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Life Minus Violence-Enhanced (LMV-E) with women in custody: single-case experimental design

Life Minus Violence-Enhanced (LMV-E) with women in custody: single-case experimental design The purpose of this single-case experimental design paper is to examine the efficacy of the high-dosage Life Minus Violence – Enhanced (LMV-E) programme with a small sample of four violent women in custody. All participants were undertaking LMV-E as one component of their treatment pathway in an Offender Personality Disorder (OPD) treatment service for women with personality disorder. The methodology employed an AB baseline design with a six-month baseline period, nine-month treatment period and six-month follow-up. Levels of direct and indirect aggression were recorded throughout the baseline, intervention, and follow-up period. In the follow-up period, women were engaging in further treatment. Psychometric measures linked to treatment domains were used to explore clinically significant and reliable change following the intervention. Clinical and reliable change was indicated in some treatment domains for each participant following the intervention. The pattern of these reductions varied between the women. The patterns of findings are discussed and recommendations presented.Design/methodology/approachThe methodology employed an AB baseline design with a six-month baseline period, nine-month treatment period and six-month follow-up. Levels of direct and indirect aggression were recorded throughout the baseline, intervention and follow-up period. In the follow-up period, women were engaging in further treatment. Psychometric measures linked to treatment domains were used to explore clinically significant and reliable change following the intervention.FindingsClinical and reliable change was indicated in some treatment domains for each participant following the intervention. The pattern of these reductions varied between the female offenders. The patterns of findings are discussed and recommendations presented.Practical implicationsThe LMV-E programme was associated with some positive improvements in treatment domains measured in a small sample of female violent offenders. Improvements to some degree were most commonly found in the domains of anger, emotional control and components of criminal thinking. It would be clinically useful to examine characteristics of individuals that appear to benefit most from particular interventions.Originality/valueThere are no existing published findings related to the implementation of LMV-E with females. Therefore, this paper provides preliminary contribution to the evidence base in this area. http://www.deepdyve.com/assets/images/DeepDyve-Logo-lg.png Journal of Criminological Research, Policy and Practice Emerald Publishing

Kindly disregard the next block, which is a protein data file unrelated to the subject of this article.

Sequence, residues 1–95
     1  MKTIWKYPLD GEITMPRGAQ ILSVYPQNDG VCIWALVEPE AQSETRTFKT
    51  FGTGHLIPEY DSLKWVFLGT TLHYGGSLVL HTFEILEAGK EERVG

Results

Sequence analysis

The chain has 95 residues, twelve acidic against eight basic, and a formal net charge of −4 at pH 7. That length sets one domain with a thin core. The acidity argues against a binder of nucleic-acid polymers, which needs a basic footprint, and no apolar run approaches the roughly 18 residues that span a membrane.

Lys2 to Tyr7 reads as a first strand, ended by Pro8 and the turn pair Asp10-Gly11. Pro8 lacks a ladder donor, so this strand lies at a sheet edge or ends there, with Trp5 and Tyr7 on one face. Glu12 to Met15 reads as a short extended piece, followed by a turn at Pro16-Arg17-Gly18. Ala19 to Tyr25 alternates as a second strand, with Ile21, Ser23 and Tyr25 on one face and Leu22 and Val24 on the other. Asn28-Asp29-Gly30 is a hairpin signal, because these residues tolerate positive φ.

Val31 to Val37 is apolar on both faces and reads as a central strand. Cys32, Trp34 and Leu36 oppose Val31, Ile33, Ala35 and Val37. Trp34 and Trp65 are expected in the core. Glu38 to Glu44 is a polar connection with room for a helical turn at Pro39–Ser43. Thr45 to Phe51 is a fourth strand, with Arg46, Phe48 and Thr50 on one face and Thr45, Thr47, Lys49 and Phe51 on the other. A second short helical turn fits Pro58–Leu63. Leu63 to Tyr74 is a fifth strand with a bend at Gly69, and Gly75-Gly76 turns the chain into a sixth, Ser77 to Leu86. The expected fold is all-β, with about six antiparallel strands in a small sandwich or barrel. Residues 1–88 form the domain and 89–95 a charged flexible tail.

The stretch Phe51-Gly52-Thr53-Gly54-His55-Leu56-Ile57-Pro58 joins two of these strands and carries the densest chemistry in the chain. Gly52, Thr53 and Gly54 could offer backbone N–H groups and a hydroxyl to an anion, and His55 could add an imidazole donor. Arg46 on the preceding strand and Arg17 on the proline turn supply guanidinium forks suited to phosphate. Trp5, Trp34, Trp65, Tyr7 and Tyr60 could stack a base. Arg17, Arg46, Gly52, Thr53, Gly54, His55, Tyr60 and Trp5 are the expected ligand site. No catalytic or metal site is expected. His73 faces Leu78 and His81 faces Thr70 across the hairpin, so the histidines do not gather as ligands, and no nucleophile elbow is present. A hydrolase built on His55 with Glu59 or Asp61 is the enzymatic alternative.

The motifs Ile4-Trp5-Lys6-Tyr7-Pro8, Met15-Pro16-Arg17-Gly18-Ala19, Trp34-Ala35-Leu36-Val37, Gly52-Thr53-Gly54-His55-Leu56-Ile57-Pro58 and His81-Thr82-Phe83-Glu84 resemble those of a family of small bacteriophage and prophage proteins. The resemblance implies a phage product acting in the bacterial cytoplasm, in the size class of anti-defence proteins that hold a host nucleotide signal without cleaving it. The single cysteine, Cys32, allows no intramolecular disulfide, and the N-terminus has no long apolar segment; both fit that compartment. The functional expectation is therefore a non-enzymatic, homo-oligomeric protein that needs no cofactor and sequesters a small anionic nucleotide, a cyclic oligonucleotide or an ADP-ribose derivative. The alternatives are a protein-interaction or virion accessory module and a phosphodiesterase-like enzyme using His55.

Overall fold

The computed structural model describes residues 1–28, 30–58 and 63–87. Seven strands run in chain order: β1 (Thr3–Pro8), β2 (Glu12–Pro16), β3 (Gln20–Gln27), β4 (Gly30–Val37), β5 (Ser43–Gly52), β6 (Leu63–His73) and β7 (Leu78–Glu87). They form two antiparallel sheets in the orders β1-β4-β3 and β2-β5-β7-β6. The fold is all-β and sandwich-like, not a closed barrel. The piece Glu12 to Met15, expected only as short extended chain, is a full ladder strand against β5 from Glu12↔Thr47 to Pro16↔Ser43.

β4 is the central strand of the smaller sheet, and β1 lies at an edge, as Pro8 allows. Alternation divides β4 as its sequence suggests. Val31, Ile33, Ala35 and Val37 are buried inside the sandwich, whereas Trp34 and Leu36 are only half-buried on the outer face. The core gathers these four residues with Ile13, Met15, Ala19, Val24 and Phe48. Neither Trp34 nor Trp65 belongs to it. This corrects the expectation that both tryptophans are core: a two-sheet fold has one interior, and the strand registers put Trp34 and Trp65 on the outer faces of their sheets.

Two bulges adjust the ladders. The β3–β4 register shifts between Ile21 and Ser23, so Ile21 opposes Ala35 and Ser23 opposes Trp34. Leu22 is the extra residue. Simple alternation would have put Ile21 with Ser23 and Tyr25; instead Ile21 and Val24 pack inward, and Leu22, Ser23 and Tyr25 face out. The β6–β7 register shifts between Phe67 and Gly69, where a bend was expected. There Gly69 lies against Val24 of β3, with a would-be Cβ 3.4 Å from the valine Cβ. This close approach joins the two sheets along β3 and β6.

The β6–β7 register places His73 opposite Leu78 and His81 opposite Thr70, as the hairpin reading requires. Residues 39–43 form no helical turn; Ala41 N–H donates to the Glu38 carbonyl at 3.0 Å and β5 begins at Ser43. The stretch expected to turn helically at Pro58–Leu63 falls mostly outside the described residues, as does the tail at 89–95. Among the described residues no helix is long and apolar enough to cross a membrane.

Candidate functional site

Life Minus Violence-Enhanced (LMV-E) with women in custody: single-case experimental design

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Publisher
Emerald Publishing
Copyright
© Emerald Publishing Limited
ISSN
2056-3841
DOI
10.1108/jcrpp-08-2019-0055
Publisher site
See Article on Publisher Site

Abstract

The purpose of this single-case experimental design paper is to examine the efficacy of the high-dosage Life Minus Violence – Enhanced (LMV-E) programme with a small sample of four violent women in custody. All participants were undertaking LMV-E as one component of their treatment pathway in an Offender Personality Disorder (OPD) treatment service for women with personality disorder. The methodology employed an AB baseline design with a six-month baseline period, nine-month treatment period and six-month follow-up. Levels of direct and indirect aggression were recorded throughout the baseline, intervention, and follow-up period. In the follow-up period, women were engaging in further treatment. Psychometric measures linked to treatment domains were used to explore clinically significant and reliable change following the intervention. Clinical and reliable change was indicated in some treatment domains for each participant following the intervention. The pattern of these reductions varied between the women. The patterns of findings are discussed and recommendations presented.Design/methodology/approachThe methodology employed an AB baseline design with a six-month baseline period, nine-month treatment period and six-month follow-up. Levels of direct and indirect aggression were recorded throughout the baseline, intervention and follow-up period. In the follow-up period, women were engaging in further treatment. Psychometric measures linked to treatment domains were used to explore clinically significant and reliable change following the intervention.FindingsClinical and reliable change was indicated in some treatment domains for each participant following the intervention. The pattern of these reductions varied between the female offenders. The patterns of findings are discussed and recommendations presented.Practical implicationsThe LMV-E programme was associated with some positive improvements in treatment domains measured in a small sample of female violent offenders. Improvements to some degree were most commonly found in the domains of anger, emotional control and components of criminal thinking. It would be clinically useful to examine characteristics of individuals that appear to benefit most from particular interventions.Originality/valueThere are no existing published findings related to the implementation of LMV-E with females. Therefore, this paper provides preliminary contribution to the evidence base in this area.

Journal

Journal of Criminological Research, Policy and PracticeEmerald Publishing

Published: Nov 20, 2019

Keywords: Intervention; Case-study; Violence; Women; Design; Violent

References